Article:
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The Public Papers of the Presidents contain most of the President's public messages, statements, speeches, and news conference remarks. Documents such as Proclamations, Executive Orders, and similar documents that are published in the Federal Register and the Code of Federal Regulations, as required by law, are usually not included for the presidencies of Herbert Hoover through Gerald Ford (1929-1977), but are included beginning with the administration of Jimmy Carter (1977). The documents within the Public Papers are arranged in chronological order. The President delivered the remarks or addresses from Washington, D. C., unless otherwise indicated. The White House in Washington issued statements, messages, and letters unless noted otherwise. (Public Papers of the Presidents of the United States. Washington, D.C.: United States Government Printing Office, various dates.


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Randomly Generated Public Paper from Today's Date in History
Ronald Reagan: 1981-89
Informal Exchange With Reporters in Knoxville, Tennessee
September 24th, 1985

Q. Tell us what you think about Shevardnadze's proposal for "star peace"? Will you join him for "star peace"?

The President. I have already seen some items that suggest to me that I was misunderstood in trying to call an answer over here. First of all, we have received no proposal officially of a 40-percent cut as I was asked about, and when I made a remark that I wish it were more if he had done it, I was doing that in the context of the fact that both Mr. Gorbachev and myself said that we would both like to see the missile done away with entirely. But I was not turning down any offer; we've received no offer, either here or our negotiators in Geneva have received no proposals.

Q. Would you go for deeper cuts than the 40 percent which seems to be bandied about and he may propose to you this week?

The President. Well, all I know is that no one on our side has heard anything, but just this report that he has said this.

Q. But would you go for deeper cuts?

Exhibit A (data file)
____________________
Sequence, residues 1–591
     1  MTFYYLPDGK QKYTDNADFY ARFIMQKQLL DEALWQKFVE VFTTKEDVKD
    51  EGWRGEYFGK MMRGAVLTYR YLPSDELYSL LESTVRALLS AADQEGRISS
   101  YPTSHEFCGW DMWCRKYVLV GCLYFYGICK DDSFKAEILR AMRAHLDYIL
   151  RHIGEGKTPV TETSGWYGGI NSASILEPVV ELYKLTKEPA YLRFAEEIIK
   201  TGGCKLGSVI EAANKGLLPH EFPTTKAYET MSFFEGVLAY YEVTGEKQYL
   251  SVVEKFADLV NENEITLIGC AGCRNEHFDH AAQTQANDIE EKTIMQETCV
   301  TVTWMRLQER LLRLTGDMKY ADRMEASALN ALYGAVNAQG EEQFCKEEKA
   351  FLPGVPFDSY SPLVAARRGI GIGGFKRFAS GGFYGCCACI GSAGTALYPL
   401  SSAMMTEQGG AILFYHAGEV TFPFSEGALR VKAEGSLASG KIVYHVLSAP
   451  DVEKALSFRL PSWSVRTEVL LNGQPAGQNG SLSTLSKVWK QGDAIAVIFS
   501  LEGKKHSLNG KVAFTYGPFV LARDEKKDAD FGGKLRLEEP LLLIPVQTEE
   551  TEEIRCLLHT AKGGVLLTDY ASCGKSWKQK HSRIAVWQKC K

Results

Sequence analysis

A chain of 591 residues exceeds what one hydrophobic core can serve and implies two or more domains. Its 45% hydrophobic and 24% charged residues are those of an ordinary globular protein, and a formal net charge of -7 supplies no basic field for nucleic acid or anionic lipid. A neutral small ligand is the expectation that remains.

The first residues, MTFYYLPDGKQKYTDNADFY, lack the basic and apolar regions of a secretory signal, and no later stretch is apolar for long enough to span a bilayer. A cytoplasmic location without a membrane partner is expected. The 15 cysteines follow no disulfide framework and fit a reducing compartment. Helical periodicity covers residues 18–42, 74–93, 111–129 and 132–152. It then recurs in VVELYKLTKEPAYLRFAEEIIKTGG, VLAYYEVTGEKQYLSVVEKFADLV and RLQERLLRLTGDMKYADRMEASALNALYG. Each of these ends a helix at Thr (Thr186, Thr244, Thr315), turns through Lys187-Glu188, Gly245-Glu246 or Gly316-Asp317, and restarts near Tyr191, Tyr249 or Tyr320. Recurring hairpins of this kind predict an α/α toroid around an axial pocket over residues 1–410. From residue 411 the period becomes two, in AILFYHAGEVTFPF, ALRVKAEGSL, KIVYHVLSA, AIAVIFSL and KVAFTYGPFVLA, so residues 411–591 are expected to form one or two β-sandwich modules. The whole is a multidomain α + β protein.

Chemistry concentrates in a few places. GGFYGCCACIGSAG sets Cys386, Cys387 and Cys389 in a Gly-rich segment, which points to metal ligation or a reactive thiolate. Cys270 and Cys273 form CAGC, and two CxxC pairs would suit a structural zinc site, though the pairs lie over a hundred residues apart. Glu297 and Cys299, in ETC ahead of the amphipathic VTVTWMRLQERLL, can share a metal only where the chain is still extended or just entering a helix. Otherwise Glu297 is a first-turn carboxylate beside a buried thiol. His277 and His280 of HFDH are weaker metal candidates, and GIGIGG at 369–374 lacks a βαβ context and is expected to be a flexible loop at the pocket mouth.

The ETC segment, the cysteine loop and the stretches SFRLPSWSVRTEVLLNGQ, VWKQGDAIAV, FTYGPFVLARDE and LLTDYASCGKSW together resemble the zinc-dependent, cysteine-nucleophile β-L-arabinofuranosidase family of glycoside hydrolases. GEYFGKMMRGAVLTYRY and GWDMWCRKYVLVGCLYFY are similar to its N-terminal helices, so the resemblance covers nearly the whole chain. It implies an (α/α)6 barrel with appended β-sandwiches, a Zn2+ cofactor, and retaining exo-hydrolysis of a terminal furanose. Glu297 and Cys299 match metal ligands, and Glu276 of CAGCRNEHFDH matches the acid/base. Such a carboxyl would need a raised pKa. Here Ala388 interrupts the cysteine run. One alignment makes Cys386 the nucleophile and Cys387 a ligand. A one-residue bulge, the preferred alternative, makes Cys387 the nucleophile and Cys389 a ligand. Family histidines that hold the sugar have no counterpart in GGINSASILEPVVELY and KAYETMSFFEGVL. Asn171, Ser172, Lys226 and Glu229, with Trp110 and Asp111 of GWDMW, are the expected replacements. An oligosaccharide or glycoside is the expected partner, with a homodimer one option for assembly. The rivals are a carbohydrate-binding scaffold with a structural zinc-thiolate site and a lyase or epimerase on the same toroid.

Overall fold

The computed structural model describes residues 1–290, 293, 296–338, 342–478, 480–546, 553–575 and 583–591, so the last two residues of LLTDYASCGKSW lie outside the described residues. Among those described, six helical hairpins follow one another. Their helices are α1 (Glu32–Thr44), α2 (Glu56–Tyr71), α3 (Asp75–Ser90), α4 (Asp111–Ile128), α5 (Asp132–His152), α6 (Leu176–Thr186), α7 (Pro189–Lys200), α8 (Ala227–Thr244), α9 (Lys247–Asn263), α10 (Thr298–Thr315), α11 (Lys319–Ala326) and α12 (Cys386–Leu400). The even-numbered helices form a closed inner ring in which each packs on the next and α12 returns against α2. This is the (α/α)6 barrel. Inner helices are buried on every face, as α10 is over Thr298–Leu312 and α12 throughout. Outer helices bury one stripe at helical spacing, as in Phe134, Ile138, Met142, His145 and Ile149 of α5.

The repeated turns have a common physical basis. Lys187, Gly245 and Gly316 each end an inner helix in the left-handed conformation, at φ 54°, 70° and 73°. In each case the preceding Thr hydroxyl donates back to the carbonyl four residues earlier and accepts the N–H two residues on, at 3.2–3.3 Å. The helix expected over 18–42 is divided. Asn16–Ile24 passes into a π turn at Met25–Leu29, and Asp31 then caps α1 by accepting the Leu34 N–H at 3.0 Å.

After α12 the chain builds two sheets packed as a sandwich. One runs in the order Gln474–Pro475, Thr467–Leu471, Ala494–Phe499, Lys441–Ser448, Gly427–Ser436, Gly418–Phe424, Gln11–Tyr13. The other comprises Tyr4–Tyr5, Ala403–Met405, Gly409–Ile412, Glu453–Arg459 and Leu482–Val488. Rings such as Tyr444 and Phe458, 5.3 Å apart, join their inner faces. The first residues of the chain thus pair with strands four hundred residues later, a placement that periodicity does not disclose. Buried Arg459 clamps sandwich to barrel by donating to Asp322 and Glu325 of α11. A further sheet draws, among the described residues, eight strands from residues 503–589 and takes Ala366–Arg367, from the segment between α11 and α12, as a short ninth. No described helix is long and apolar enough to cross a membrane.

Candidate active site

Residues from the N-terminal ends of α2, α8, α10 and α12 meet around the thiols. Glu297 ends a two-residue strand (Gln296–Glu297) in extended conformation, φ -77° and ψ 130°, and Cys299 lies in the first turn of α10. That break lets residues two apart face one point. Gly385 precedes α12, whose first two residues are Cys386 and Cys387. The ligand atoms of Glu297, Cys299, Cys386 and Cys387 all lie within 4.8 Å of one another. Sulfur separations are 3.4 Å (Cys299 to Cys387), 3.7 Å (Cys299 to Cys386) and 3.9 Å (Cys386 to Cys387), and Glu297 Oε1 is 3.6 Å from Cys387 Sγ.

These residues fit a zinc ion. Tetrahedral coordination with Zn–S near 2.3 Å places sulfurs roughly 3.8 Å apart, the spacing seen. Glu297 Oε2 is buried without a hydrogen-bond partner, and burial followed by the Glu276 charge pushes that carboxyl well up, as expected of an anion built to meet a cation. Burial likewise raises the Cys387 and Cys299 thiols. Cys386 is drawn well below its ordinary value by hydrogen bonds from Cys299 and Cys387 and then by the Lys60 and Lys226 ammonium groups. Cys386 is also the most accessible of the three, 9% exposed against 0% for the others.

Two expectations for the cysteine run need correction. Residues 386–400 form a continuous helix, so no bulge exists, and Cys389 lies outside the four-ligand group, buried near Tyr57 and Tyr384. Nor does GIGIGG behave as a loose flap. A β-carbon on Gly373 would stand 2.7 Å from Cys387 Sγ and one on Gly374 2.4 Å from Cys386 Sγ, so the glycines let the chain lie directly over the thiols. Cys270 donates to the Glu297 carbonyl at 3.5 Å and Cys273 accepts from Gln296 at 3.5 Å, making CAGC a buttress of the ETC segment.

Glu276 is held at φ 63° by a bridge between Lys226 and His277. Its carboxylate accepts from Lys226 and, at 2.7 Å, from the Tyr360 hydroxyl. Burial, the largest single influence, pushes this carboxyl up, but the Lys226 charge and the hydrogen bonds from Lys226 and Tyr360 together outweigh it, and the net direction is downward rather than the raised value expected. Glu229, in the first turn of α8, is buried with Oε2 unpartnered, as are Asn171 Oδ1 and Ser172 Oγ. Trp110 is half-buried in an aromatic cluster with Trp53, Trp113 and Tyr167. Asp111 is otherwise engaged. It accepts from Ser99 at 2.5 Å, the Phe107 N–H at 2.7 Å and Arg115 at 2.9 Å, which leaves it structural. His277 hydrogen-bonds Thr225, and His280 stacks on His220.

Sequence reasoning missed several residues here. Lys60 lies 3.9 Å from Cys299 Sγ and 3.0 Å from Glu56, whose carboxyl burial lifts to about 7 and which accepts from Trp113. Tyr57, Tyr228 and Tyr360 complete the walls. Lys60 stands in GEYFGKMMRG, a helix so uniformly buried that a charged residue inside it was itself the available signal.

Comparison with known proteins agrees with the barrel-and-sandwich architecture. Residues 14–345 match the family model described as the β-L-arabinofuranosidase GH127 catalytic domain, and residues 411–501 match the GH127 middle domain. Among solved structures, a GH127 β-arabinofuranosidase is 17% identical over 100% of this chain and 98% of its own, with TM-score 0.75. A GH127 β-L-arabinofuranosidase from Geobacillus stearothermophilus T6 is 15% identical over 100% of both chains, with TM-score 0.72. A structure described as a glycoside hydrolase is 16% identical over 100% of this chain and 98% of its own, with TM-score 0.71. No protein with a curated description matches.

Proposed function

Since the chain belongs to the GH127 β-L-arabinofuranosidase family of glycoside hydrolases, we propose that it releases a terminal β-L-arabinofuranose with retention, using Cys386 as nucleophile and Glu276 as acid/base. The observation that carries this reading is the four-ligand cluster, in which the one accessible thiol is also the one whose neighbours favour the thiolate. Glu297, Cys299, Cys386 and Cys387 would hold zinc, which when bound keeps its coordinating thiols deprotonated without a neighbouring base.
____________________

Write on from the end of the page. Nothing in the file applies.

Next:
The President. I told you, our goal, if we could make it, would be total elimination, but we are perfectly prepared to take whatever mutual reduction we can get with the idea of eventually getting there to zero.

Q. What do you think of this "star peace" proposal?

The President. That again, I have just heard that it was said in a speech. I'll wait until we get together and I hear exactly what they are talking about.

Q. Mr. President, Shevardnadze specifically said that the Soviet side has given detailed proposals in Geneva and has heard nothing back in substance from the United States.
The President. I'm sorry, but our negotiators there have had numbers out on the table that we have put there as to a reduction in weapons, and there have been no counteroffers as yet to those other numbers suggested or any thing of the kind. There has been no negotiating position presented by the Soviets.

Q. How do you think this tit for tat bodes for Friday and your meeting with Gorbachev?

The President. No, you mean Shevardnadze. No, I'm going to see what we say to each other, but I'm not going to pay any attention to statements that are made publicly until they are presented to us formally.

Q. Are they lying about having put anything on the table in the way of—[inaudible].
The President. What?

Q. Are they lying?

The President. As far as I know they have unless something has been done since I have talked to our people. Our people have never had any numeral count suggested to them either agreeing or suggesting a difference from the figures we've presented.

Q. Thank you.

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